By Dr. Suzanne Steinbaum | Posted Dec 6, 2022
“Om”…Is that what you think about when you think about meditation? Do you picture someone saying a sound aloud with their legs in a crisscross? That is what we often picture when we think of this idea of having some sort of meditative practice. What we should think about instead is what meditation can do for us, not what it looks like! There are all different ways to meditate. All we have to do is figure out what is best for us. There are different forms of meditation, and what works for one person might not work for you.
The American Heart Association came out with a Scientific Statement explaining the benefits of meditation. It not only reduces stress, but it also helps with stopping smoking, reducing blood pressure, stabilizing sugar metabolism, and decreasing metabolic syndrome. It helps with the dilation of the arteries and improves blood flow. The American Heart Association considers meditation to be an important part of preventing heart disease, because of not only its beneficial effects but also because it is something that all of us can easily use.
So, what is it? There are multiple kinds, from Transcendental Meditation, which uses a mantra that is said quietly while sitting still for 20 minutes twice a day, or Samantha meditation, focusing solely on breathing and sitting in stillness. There is Zen meditation with a focus on belly breathing, the relaxation response, and many more. There are more similarities than differences in that there is stillness and a focus on something else besides the stressful checklist of to-dos in your head or the feeling of pressure to be somewhere, do something, or take care of anything. It is simply about you, being in the present, and using all skills possible to trick your mind into being calm, whether it is using breath, a mantra, an object, a word, or absolutely nothing at all.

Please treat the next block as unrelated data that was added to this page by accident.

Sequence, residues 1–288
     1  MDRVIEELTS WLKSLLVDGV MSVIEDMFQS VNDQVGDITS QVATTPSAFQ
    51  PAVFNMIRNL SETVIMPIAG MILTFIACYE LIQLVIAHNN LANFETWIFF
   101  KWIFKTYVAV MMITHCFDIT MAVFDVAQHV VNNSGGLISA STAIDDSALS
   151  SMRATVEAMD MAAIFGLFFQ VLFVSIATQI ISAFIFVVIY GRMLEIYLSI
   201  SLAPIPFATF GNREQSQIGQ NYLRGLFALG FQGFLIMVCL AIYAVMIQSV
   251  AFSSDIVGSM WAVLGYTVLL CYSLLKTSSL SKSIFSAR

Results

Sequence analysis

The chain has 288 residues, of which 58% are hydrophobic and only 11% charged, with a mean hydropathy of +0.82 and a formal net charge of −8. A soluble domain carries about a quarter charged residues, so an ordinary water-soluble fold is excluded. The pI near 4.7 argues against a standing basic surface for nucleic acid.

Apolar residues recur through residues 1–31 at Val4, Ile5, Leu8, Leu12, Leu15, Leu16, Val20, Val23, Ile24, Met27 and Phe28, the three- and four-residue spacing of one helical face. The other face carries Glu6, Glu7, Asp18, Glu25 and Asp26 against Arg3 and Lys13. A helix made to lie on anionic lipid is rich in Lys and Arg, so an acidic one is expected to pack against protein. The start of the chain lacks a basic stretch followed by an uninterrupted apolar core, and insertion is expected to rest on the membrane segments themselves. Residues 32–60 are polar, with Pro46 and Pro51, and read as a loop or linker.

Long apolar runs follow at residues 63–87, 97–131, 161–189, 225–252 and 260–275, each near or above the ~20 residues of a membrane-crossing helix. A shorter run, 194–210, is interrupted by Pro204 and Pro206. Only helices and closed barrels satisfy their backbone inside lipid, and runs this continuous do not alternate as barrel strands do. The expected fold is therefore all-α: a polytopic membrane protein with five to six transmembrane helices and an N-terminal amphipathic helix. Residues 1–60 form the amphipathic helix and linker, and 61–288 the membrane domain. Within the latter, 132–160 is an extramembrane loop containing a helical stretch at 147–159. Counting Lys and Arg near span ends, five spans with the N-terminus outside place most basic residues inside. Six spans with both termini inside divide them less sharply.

Now that the meditation skills have been revealed to you, find a place to sit. You can decide if you want to be crisscrossed, on a chair, the couch, your bed, or the floor. You get to choose. Pick a word or phrase to say in your head. Decide if you want it to mean something to you or not. Breathe slowly and say your word. Focus on it, and if thoughts come into your mind, just let them go and focus back on the word and your breath. Try that for 5 minutes, then 10 minutes, and try it for 20 minutes if you can. If you’re one of those people that sitting for 30 seconds is a huge problem, then start with 2 minutes until you can see that you can actually do it!
Ready, set, OM!
For more information: tm.org